The North Korean system, of course, is much harsher than Om’s. The kind of upward mobility that Han achieves is unavailable, whereas demotion looms threateningly close; one can be condemned to prison for as little cause as “inadvertently defacing or sitting on a newspaper photograph of the Great Leader” (Oberdorfer 21). Moreover, class is not determined by loyalty and ability – as it is in Om’s classroom – but by ancestral socio-economic status; if one’s great-grandparents owned land or were South Korean sympathizers, he is condemned to the lower classes from birth (Byman and Lind 61). The stakes are much higher as well; death is the wages of defiance. These factors reinforce the regime’s brutal stability; North Koreans are forced to rely on the Kims for daily necessities and to fear devastating consequences for the slightest misdemeanor.

Despite these differences, Our Twisted Hero is still very much pertinent. The value of comparing an allegory with real tragedies lies in its accessibility. Yi’s work makes grand, high-stakes political systems more tangible, intimate and understandable; readers that have never suffered authoritarianism can still identify with Han’s outrage, struggle, and break down. The readers then can translate that sympathy to the millions languishing under North Korea’s tyrannical yoke. Comparison also sheds new insight into the source of the strength of that yoke: the three-class system. By controlling the resources, the rulers portray themselves as the source of all good, inspiring loyalty. The hierarchy further reinforces loyalty with promises of privilege and threats of deprivation and persecution. These exacting measures can partly explain how Kims’ regime survives to this day, despite the people’s extreme impoverishment and suffering.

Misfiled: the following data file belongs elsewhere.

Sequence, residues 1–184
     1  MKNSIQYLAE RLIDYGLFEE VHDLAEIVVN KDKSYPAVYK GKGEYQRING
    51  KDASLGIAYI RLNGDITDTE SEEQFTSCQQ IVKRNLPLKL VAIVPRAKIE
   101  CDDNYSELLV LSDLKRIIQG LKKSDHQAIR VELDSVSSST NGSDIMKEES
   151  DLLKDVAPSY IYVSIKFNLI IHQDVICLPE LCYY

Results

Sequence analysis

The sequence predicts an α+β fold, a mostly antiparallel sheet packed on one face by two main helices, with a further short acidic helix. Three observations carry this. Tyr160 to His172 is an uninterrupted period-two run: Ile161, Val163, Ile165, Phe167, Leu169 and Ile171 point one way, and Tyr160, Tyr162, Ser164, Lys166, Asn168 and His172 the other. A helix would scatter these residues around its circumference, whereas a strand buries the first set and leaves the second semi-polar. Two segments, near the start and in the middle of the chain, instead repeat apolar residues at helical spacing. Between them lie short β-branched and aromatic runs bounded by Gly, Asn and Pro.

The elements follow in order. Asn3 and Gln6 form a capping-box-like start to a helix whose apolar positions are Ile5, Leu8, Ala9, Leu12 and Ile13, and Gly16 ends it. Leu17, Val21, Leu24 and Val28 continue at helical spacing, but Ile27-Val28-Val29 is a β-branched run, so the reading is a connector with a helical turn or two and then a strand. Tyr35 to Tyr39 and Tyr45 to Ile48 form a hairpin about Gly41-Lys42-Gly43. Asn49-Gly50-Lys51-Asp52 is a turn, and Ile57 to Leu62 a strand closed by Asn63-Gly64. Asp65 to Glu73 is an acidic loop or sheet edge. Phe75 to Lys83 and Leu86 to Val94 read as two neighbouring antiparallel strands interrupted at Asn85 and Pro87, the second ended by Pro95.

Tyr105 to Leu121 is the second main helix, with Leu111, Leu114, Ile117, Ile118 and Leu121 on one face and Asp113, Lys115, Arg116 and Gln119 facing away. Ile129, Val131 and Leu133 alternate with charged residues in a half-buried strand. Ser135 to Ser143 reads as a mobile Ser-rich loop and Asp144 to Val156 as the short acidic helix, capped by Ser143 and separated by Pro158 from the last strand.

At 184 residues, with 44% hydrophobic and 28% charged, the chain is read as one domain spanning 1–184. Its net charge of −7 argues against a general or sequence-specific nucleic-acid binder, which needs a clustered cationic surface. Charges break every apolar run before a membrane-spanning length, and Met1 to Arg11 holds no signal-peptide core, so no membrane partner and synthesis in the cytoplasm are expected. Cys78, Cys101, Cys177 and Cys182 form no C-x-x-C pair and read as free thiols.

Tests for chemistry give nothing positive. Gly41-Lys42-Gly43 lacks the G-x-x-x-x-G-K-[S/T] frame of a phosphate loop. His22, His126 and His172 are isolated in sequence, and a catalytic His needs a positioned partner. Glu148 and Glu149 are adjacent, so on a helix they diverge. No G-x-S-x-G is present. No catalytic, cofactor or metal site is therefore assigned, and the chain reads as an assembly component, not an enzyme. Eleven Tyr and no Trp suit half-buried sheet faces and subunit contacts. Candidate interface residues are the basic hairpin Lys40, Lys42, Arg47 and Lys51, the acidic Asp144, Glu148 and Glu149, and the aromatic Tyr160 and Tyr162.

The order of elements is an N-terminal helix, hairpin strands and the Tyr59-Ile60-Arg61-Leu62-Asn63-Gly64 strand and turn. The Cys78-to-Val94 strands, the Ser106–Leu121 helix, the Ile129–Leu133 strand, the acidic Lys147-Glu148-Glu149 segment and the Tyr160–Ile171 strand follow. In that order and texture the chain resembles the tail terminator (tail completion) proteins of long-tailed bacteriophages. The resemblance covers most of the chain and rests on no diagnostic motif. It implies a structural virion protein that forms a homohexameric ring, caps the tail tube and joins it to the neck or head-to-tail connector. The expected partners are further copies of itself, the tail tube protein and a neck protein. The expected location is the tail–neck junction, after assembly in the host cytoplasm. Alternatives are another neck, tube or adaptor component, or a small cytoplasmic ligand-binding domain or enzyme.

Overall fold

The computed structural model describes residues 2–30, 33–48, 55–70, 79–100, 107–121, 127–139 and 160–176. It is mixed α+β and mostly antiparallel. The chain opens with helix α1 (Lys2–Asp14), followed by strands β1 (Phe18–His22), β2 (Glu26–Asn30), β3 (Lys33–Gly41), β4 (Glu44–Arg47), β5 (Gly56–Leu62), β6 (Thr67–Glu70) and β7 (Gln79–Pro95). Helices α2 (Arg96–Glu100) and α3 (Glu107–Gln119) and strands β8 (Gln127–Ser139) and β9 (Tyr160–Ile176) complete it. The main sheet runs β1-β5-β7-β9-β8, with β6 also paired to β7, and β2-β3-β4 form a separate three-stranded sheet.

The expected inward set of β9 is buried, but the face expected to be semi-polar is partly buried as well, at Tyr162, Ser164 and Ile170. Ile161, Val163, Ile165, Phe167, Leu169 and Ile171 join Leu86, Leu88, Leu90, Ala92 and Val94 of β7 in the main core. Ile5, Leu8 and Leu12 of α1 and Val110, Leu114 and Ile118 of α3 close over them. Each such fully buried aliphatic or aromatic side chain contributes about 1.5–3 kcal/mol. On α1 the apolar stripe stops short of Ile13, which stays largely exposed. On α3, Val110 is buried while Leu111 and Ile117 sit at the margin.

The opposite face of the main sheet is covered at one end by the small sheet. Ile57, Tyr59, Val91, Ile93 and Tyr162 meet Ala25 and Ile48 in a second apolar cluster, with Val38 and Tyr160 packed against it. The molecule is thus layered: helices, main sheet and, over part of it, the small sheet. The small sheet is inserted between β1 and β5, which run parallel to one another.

Works Cited:

Byman, Daniel, and Jennifer Lind. "Pyongyang's Survival Strategy." International Security 35.1 (2010): 44-74. Academic Search Complete. Web. 30 Jan. 2013. .

Oberdorfer, Don. The Two Koreas: A contemporary History. New York: Basic Books, 2001.

Yi, Munyol. Our Twisted Hero. New York: Hyperion, 2001.